Though firmly rooted in the domestic, natural world, Jean Sprackland's poems are thrilling excursions into the lives that we live alongside our everyday ones: the lives we are aware of in dreams, in grief, in love. She shows us the vertigo and vulnerability of human experience with great clarity and precision, tenderness and care.
These are vivid poems full of light and weather and water: a flooded forest, acid rain, an inland tidal wave, an ocean of broken glass; jellyfish washed up on the beach that 'lay like saints/ unharvested, luminous'.
There is an arresting imagination at work here, one as relaxed and at home in an alternative world of babies in filing cabinets, light collectors or the visiting dead, as it is in the world we think we know: supermarkets, empty flats, the A580 from Liverpool to Manchester. Lucid, sensuous and informed by an unusually tactile curiosity, the poems in Hard Water mark the assured arrival of an important poet.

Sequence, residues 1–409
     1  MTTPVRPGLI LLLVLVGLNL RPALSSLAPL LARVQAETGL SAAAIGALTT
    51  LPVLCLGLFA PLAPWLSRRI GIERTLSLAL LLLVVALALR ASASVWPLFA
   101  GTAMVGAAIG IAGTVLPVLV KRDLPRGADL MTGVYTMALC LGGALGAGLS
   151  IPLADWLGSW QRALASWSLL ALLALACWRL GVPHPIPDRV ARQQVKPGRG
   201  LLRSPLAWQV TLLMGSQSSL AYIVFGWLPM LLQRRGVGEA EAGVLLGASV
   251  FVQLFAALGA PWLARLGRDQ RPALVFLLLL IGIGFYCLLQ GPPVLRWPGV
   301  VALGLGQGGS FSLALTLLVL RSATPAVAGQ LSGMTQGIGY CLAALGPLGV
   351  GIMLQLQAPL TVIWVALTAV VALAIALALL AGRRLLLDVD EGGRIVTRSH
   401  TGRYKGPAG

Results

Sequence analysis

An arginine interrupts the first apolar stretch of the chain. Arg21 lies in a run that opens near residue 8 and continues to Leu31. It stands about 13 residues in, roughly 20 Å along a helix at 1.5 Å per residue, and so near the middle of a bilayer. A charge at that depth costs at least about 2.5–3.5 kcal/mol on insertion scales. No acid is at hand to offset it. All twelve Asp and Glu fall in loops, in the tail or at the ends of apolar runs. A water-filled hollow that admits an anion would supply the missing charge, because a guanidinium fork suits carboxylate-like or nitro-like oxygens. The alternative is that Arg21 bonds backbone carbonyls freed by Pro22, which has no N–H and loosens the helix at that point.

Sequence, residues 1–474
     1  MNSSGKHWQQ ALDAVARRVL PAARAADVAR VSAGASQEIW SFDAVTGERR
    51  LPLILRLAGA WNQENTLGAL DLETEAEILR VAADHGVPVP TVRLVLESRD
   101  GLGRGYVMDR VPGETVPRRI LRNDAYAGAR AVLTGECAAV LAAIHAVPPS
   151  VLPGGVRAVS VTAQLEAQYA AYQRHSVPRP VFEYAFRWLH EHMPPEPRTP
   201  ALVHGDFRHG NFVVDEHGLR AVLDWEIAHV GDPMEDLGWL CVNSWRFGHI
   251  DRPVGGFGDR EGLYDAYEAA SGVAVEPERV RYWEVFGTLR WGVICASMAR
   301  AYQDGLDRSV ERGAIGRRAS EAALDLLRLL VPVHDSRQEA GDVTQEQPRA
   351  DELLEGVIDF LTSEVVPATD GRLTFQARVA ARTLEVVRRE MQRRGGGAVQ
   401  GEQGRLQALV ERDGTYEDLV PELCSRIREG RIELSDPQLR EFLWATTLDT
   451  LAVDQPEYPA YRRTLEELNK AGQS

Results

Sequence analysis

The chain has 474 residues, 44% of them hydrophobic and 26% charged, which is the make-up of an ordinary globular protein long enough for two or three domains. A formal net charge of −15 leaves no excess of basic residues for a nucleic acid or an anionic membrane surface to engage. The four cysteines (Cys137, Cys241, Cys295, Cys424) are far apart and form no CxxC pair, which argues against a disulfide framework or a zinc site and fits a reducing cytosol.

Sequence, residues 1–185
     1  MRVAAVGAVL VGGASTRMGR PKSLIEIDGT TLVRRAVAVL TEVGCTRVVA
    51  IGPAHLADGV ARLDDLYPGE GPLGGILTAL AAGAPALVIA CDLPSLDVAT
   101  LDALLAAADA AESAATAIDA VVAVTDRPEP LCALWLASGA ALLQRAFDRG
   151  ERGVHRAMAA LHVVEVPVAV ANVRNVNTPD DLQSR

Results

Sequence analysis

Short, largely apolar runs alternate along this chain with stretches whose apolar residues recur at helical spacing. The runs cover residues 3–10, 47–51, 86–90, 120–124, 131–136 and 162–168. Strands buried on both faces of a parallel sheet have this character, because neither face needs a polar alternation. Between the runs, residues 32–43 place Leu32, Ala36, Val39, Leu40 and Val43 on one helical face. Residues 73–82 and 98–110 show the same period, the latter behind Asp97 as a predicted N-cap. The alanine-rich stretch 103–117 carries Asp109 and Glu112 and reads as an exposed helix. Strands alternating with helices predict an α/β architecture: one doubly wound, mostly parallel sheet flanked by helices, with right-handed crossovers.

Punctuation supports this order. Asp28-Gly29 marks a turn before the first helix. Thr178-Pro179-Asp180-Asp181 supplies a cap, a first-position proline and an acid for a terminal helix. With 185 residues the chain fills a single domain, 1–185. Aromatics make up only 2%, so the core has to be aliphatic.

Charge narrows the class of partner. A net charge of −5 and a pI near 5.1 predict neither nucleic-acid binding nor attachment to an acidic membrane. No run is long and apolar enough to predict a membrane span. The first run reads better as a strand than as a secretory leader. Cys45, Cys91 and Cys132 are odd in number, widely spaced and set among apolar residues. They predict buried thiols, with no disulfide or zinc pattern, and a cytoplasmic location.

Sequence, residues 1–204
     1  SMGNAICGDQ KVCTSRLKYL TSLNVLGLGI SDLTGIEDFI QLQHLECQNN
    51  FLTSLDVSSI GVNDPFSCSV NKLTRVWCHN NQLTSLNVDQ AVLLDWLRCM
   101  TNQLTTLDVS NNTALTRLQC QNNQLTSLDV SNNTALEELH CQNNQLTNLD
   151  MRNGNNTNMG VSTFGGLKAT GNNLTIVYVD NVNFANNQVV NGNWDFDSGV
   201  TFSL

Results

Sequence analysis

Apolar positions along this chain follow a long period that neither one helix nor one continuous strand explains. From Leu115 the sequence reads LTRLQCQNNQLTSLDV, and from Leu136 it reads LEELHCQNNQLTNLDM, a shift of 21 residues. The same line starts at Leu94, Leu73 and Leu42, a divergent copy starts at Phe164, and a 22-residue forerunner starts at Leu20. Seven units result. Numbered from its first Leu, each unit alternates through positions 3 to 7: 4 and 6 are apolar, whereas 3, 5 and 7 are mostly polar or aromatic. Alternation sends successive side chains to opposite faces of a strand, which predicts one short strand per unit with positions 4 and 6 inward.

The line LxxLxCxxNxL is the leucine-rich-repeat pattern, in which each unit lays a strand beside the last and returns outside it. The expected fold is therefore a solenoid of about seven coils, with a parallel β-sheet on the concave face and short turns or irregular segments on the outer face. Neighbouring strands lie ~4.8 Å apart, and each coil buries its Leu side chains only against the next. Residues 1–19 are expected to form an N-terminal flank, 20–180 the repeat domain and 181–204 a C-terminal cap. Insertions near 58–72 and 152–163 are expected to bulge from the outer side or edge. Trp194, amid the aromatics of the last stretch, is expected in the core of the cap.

I tried the soft stuff on holiday in Wales,
a mania of teadrinking and hairwashing,
excitable soap which never rinsed away,
but I loved coming home to this.
Flat. Straight. Like the vowels,
like the straight talk: hey up me duck.
I’d run the tap with its swimming-pool smell,
get it cold and anaesthetic. Stand the glass
and let the little fizz of anxiety settle.
Honest water, bright and not quite clean.
The frankness of limestone, of gypsum,
the sour steam of cooling towers,
the alchemical taste of brewing.
On pitiless nights, I had to go for the bus
before last orders. I’d turn up my face,
let rain scald my eyelids and lips.
It couldn’t lie. Fell thick
with a payload of acid. No salt —
this rain had forgotten the sea.
I opened my mouth, speaking nothing
in spite of my book-learning.
I let a different cleverness wash my tongue.
It tasted of work, the true taste
of early mornings, the blunt taste
of don’t get mardy, of too bloody deep for me,
fierce lovely water that marked me for life
as belonging, regardless.